Things were going well with the Safari flooring project, but now progress is going to slow down. I woke up Thursday morning with a sore throat, which inevitably means a cold the next day, and if history is any guide I’ll be unable to do the long days I’ve been putting in lately. Thursday we didn’t work on the trailer at all. Instead I ran around town trying to get everything done that I could before the virus really hit.
One of those errands was to get a nice piece of black walnut, measuring 2″ x 2″ x 30″, at the local woodworker’s supply store. This will be used to replace the oak entry door threshold that came with the trailer, once I’ve shaped it and coated it with polyurethane. The original oak was looking very tired, plus it never really matched the rest of the decor, and it didn’t fit well. The new piece will fit perfectly, because I’ll take much more time to fit it than a factory assembly line can afford to do.
Today Mike and I laid six more pieces of vinyl plank, just so that the center of the trailer could be considered done, and then we re-installed the master bed platform. With that, the bedroom is done. We can haul the mattress back in and make the bed.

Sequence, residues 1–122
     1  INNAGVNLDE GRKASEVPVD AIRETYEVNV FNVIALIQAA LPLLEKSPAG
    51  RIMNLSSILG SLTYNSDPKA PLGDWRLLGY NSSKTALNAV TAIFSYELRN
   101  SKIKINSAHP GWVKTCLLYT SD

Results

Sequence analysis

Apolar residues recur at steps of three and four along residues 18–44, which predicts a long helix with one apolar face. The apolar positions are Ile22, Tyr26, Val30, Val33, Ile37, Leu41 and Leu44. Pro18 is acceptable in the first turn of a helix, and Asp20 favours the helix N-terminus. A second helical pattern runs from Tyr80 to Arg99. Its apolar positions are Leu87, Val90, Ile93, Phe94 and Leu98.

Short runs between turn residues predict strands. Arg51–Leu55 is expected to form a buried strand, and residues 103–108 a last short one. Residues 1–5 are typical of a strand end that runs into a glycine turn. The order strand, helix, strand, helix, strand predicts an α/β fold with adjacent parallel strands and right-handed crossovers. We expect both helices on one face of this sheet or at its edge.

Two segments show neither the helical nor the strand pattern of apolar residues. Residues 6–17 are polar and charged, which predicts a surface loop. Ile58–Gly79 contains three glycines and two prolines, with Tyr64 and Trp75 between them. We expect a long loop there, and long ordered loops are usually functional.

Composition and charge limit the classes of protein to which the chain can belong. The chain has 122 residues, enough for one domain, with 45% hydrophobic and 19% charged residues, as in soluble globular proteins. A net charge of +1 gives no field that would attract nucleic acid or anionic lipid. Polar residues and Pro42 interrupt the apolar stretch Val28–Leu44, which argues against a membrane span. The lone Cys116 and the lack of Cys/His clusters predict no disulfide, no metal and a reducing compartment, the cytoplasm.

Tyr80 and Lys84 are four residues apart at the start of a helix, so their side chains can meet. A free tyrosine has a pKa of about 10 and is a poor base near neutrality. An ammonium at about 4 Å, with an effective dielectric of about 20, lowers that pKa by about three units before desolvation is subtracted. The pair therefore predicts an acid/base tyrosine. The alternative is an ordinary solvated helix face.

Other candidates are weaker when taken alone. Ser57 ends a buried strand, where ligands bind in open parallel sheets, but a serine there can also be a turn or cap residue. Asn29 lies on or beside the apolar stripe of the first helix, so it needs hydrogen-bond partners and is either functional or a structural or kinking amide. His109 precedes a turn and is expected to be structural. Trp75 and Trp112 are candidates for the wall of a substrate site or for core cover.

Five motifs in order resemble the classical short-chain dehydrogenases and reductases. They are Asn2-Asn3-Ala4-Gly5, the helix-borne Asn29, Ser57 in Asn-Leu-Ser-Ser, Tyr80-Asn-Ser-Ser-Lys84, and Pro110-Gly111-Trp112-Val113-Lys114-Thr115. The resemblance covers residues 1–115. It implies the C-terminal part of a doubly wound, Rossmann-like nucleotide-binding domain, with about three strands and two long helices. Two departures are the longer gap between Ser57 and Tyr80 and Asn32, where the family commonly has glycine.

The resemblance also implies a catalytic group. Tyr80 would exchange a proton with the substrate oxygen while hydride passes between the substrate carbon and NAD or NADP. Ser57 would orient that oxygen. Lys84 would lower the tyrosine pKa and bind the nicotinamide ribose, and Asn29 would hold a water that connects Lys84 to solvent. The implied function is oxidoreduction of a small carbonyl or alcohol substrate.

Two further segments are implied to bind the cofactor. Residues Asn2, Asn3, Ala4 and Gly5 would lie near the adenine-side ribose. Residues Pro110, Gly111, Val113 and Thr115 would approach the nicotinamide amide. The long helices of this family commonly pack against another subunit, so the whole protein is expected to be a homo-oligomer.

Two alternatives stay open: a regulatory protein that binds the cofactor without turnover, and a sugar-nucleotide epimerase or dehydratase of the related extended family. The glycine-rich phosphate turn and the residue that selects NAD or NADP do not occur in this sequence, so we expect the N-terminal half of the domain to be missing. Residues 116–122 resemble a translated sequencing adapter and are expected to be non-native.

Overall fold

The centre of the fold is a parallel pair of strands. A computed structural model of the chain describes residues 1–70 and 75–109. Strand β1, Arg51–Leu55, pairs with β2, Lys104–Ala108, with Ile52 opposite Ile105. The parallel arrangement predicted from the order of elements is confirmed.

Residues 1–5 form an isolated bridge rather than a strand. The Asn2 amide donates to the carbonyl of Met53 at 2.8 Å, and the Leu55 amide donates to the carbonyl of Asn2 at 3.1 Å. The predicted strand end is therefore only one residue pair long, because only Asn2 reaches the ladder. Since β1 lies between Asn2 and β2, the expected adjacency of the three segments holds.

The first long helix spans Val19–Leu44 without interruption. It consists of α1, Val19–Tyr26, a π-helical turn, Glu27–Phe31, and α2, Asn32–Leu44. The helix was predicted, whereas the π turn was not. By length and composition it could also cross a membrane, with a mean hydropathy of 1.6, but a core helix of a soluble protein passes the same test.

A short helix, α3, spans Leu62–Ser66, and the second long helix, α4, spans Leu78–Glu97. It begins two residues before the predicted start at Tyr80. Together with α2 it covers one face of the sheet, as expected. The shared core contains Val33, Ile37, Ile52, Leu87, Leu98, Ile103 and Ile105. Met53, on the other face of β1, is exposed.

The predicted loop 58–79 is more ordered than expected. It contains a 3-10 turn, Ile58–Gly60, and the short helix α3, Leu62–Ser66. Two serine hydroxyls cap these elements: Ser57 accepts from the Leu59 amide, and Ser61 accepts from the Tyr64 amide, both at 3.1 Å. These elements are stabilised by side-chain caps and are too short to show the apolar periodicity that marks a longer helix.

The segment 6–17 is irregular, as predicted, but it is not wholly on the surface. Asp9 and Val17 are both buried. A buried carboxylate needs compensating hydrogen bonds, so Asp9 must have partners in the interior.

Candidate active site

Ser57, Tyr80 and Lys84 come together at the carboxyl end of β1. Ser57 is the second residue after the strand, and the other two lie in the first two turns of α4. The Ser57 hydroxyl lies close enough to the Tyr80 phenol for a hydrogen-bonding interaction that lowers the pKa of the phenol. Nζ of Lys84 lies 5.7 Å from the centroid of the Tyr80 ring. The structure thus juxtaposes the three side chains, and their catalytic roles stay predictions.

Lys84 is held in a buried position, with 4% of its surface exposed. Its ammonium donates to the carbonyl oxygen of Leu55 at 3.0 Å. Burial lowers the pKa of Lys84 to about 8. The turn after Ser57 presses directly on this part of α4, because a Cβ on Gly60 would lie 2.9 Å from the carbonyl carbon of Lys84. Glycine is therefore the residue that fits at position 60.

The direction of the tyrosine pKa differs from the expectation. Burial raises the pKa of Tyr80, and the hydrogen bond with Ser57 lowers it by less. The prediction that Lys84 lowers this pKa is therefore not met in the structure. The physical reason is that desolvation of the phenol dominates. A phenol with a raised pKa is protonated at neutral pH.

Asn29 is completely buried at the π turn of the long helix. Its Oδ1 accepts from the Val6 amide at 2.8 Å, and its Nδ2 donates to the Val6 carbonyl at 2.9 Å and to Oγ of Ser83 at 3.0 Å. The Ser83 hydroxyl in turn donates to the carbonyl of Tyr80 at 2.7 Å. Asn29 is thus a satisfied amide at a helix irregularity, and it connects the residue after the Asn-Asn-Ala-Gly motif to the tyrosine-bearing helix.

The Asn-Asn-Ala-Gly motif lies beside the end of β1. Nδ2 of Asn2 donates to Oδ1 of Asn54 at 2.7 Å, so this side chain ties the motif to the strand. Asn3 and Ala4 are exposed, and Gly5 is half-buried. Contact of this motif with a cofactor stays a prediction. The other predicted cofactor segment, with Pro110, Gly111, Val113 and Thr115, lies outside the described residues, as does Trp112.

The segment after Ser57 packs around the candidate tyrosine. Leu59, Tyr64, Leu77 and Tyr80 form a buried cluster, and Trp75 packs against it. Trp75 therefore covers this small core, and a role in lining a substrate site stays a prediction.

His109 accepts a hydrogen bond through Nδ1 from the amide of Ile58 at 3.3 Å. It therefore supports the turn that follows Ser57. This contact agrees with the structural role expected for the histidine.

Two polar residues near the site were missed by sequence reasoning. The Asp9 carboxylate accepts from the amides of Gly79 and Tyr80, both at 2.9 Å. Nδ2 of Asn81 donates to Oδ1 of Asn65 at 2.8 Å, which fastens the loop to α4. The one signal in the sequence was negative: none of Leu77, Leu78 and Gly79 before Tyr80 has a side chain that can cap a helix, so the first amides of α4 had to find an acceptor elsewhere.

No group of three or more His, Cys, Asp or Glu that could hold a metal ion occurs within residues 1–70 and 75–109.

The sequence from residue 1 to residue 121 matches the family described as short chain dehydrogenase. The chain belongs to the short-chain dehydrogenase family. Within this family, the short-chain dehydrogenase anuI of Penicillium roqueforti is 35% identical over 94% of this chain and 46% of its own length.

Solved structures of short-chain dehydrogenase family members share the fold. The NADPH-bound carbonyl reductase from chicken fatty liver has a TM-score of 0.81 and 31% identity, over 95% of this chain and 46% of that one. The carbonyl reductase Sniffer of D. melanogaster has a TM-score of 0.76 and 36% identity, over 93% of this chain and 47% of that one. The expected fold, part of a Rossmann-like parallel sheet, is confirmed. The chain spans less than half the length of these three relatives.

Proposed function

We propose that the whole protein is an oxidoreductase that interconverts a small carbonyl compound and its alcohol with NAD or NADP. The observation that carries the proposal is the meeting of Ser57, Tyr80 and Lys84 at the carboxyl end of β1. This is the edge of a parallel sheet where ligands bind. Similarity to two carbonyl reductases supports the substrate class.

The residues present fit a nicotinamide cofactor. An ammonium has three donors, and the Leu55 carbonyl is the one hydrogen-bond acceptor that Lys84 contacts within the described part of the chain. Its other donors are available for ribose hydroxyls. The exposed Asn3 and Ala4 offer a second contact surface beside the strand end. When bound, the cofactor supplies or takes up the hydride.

I think for the next few days an hour or two is all I’ll be spending on this project. I won’t work on the threshold for a while, because with a virus in my system I’m likely to cut off my own fingers on the table saw. There are plenty of other little projects to wrap up instead, and maybe some small improvements I can fiddle with as we put the rest of the furniture back in place.
So far I’ve noticed that the thicker vinyl planks are slightly softer on the feet than the original floor covering. The darker pattern definitely masks dirt and minor gaps (1/16″) between the planks as they shrink and expand in different temperatures. But these are only first impressions. It will take a real roadtrip to prove out this material.
Jay & Cherie says
I noticed the new Airstreams at Lazy Days have aluminum thresholds.